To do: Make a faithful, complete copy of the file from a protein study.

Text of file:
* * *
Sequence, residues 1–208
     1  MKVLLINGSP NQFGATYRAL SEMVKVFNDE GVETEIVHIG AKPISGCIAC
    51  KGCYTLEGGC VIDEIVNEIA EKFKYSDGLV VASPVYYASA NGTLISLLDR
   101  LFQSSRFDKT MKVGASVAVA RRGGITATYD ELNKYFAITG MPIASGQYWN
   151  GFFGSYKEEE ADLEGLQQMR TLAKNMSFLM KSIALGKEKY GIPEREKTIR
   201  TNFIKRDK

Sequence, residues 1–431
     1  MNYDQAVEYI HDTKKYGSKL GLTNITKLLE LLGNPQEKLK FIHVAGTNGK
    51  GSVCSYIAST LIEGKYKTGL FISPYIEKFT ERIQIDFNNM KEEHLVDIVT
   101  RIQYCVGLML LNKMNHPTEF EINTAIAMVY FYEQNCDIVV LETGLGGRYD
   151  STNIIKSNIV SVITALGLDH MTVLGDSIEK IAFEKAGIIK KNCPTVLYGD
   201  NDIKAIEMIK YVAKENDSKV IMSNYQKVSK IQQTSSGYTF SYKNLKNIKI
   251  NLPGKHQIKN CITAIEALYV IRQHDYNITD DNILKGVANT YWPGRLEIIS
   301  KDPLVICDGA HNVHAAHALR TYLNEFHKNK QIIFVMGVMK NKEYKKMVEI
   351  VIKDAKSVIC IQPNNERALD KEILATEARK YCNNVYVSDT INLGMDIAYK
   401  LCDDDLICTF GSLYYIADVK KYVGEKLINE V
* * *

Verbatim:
Sequence, residues 1–208
     1  MKVLLINGSP NQFGATYRAL SEMVKVFNDE GVETEIVHIG AKPISGCIAC
    51  KGCYTLEGGC VIDEIVNEIA EKFKYSDGLV VASPVYYASA NGTLISLLDR
   101  LFQSSRFDKT MKVGASVAVA RRGGITATYD ELNKYFAITG MPIASGQYWN
   151  GFFGSYKEEE ADLEGLQQMR TLAKNMSFLM KSIALGKEKY GIPEREKTIR
   201  TNFIKRDK

Sequence, residues 1–431
     1  MNYDQAVEYI HDTKKYGSKL GLTNITKLLE LLGNPQEKLK FIHVAGTNGK
    51  GSVCSYIAST LIEGKYKTGL FISPYIEKFT ERIQIDFNNM KEEHLVDIVT
   101  RIQYCVGLML LNKMNHPTEF EINTAIAMVY FYEQNCDIVV LETGLGGRYD
   151  STNIIKSNIV SVITALGLDH MTVLGDSIEK IAFEKAGIIK KNCPTVLYGD
   201  NDIKAIEMIK YVAKENDSKV IMSNYQKVSK IQQTSSGYTF SYKNLKNIKI
   251  NLPGKHQIKN CITAIEALYV IRQHDYNITD DNILKGVANT YWPGRLEIIS
   301  KDPLVICDGA HNVHAAHALR TYLNEFHKNK QIIFVMGVMK NKEYKKMVEI
   351  VIKDAKSVIC IQPNNERALD KEILATEARK YCNNVYVSDT INLGMDIAYK
   401  LCDDDLICTF GSLYYIADVK KYVGEKLINE V